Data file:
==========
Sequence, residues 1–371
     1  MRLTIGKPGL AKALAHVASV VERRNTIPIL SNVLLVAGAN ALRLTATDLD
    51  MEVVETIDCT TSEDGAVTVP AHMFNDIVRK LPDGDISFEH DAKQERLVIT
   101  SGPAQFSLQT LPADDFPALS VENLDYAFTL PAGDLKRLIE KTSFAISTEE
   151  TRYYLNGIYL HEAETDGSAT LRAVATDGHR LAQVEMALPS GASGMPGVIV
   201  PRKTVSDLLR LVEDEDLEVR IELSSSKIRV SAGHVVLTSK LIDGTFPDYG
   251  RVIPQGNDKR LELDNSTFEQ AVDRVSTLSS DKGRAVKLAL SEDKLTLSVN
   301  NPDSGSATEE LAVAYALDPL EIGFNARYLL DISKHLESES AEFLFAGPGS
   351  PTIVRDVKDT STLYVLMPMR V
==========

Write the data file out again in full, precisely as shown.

Sequence, residues 1–371
     1  MRLTIGKPGL AKALAHVASV VERRNTIPIL SNVLLVAGAN ALRLTATDLD
    51  MEVVETIDCT TSEDGAVTVP AHMFNDIVRK LPDGDISFEH DAKQERLVIT
   101  SGPAQFSLQT LPADDFPALS VENLDYAFTL PAGDLKRLIE KTSFAISTEE
   151  TRYYLNGIYL HEAETDGSAT LRAVATDGHR LAQVEMALPS GASGMPGVIV
   201  PRKTVSDLLR LVEDEDLEVR IELSSSKIRV SAGHVVLTSK LIDGTFPDYG
   251  RVIPQGNDKR LELDNSTFEQ AVDRVSTLSS DKGRAVKLAL SEDKLTLSVN
   301  NPDSGSATEE LAVAYALDPL EIGFNARYLL DISKHLESES AEFLFAGPGS
   351  PTIVRDVKDT STLYVLMPMR V